Estudos liderados por Tom DeMarco & Timothy Lister mostrou resultados estatisticamente significativos sobre a correlação entre ruído e defeitos.
Aqui está uma parte interessante do resumo:
Workplace Quality and Product Quality - Companies that provide small and noisy workplaces explain away complaints as workers campaigning for the added status of bigger, more private space. To determine whether noise level had any correlation to work, we divided our sample into those who found the workplace acceptably quiet and those who didn't. Then, looking at workers within each group who completed the entire exercise without a single defect:
> Workers who reported that their workplace was acceptably quiet before the exercise were 1/3 more likely to deliver zero-defect work.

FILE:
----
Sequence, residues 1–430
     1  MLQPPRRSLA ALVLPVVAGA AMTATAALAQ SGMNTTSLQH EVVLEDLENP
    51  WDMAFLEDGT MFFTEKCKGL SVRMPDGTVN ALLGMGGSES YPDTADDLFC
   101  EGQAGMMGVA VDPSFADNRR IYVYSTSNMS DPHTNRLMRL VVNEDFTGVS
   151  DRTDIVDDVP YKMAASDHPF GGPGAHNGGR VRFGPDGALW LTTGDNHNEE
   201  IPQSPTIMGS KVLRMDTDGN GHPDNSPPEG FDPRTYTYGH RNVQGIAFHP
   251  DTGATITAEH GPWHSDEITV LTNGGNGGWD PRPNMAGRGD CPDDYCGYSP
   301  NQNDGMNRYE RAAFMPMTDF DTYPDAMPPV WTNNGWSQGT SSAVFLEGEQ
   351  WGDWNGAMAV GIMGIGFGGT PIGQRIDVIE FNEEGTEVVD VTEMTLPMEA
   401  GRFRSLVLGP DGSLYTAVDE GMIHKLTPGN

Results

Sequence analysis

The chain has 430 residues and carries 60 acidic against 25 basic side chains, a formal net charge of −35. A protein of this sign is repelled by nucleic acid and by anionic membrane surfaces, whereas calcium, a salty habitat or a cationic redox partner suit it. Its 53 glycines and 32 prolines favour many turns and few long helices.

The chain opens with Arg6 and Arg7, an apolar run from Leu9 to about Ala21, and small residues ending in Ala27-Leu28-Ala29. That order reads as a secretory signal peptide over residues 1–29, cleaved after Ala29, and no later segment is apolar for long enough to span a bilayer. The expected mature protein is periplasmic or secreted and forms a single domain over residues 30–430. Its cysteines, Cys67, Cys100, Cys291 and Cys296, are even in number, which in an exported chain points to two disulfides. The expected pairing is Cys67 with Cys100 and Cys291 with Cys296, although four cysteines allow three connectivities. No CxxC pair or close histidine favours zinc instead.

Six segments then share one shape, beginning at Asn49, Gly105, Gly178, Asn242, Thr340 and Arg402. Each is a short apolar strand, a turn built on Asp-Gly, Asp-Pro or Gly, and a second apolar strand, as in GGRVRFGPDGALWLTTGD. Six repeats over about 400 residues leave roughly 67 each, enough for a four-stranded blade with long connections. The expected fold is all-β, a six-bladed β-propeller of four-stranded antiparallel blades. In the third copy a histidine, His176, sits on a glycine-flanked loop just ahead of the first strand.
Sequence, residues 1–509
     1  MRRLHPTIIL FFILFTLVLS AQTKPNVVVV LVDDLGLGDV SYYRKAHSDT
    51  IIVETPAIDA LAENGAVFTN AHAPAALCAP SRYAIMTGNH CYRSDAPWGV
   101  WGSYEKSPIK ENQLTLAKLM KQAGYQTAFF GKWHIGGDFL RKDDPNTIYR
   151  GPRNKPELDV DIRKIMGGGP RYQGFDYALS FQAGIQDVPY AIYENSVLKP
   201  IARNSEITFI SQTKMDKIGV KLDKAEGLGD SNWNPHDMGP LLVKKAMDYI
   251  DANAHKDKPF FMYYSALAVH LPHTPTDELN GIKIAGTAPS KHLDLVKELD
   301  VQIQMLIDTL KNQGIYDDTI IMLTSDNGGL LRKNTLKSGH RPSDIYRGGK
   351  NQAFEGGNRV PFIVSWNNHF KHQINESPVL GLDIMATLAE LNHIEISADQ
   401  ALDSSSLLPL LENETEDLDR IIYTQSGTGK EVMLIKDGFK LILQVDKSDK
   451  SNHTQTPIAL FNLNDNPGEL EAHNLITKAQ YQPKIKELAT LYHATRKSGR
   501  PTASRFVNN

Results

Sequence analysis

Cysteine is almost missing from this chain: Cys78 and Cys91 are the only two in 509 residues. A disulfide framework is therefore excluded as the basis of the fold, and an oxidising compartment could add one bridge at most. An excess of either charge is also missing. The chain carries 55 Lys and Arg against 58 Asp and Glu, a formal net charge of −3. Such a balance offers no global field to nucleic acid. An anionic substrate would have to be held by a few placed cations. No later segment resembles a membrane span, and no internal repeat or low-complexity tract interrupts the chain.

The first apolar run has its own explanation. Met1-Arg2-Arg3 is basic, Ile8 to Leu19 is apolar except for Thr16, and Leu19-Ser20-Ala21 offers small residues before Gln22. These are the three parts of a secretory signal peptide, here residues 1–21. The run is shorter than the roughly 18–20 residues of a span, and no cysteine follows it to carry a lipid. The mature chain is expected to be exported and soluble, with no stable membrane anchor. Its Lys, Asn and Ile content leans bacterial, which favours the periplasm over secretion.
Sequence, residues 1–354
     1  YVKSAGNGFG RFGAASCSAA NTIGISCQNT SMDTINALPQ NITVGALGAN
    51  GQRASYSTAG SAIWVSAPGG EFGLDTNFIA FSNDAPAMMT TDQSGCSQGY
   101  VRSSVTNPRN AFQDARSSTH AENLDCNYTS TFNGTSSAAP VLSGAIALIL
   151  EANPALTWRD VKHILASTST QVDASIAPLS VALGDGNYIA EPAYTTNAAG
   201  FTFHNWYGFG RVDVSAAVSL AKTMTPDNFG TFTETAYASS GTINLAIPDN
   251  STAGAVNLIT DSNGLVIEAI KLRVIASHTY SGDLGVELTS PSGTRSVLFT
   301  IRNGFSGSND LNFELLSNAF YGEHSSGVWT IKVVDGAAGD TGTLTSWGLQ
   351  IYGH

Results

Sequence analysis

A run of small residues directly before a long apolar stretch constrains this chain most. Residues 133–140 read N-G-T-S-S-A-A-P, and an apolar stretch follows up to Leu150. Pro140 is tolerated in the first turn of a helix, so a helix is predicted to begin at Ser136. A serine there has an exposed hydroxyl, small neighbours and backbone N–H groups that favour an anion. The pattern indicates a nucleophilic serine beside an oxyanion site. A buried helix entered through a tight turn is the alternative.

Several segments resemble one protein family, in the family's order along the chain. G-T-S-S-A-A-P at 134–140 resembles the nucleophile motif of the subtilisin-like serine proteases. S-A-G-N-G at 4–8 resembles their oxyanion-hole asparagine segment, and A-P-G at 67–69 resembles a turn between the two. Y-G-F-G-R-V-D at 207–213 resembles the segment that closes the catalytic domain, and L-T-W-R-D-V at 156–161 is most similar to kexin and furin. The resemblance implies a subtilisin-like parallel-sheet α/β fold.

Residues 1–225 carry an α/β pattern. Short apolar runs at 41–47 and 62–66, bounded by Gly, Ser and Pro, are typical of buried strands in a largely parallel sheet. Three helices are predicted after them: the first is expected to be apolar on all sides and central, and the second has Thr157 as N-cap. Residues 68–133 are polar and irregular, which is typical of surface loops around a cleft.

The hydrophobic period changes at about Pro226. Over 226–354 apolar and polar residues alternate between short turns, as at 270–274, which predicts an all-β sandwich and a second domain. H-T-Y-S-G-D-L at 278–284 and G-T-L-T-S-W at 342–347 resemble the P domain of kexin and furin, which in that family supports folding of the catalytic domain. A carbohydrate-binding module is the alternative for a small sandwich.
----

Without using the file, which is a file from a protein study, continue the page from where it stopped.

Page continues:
As the noise level gets worse, this trend gets stronger:
- Zero-defect workers: => 66% reported noise level OK
- 1-or-more-defect workers: => 8% reported noise level OK
A Discovery of Nobel Prize Significance - On February 3, 1984, in a study of 32,346 companies worldwide, the authors confirmed a virtually perfect inverse relationship between people density and dedicated floor space per person. If you're having trouble seeing why this matters, you're not thinking about noise. Noise is directly proportional to density, so halving the allotment of space per person can be expected to double the noise. Even if you managed to prove conclusively that a programmer could work in 30 sq. ft. without being hopelessly space-bound, you still wouldn't be able to conclude that 30 sq. ft. is adequate space. The noise in a 30 sq. ft matrix is more than triple the noise in a 100 sq. ft. matrix, which could make the difference between a plague of product defects and none at all.
Verifique o resumo, realmente, ruído é um dos assuntos recorrentes no Peopleware.